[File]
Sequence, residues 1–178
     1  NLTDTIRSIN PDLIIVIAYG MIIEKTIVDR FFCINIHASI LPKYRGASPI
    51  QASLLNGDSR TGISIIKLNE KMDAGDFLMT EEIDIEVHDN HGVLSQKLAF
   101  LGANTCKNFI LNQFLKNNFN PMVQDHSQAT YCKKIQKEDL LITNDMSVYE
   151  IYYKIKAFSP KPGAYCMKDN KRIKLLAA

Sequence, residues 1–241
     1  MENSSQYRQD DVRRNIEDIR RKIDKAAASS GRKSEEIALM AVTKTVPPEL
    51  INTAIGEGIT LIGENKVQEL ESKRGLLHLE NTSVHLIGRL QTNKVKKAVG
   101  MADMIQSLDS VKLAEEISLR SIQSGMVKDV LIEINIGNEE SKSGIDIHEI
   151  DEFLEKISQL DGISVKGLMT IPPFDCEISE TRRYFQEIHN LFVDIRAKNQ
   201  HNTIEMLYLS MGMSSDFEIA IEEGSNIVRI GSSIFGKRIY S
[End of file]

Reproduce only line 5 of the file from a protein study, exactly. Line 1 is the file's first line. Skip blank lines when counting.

   151  IYYKIKAFSP KPGAYCMKDN KRIKLLAA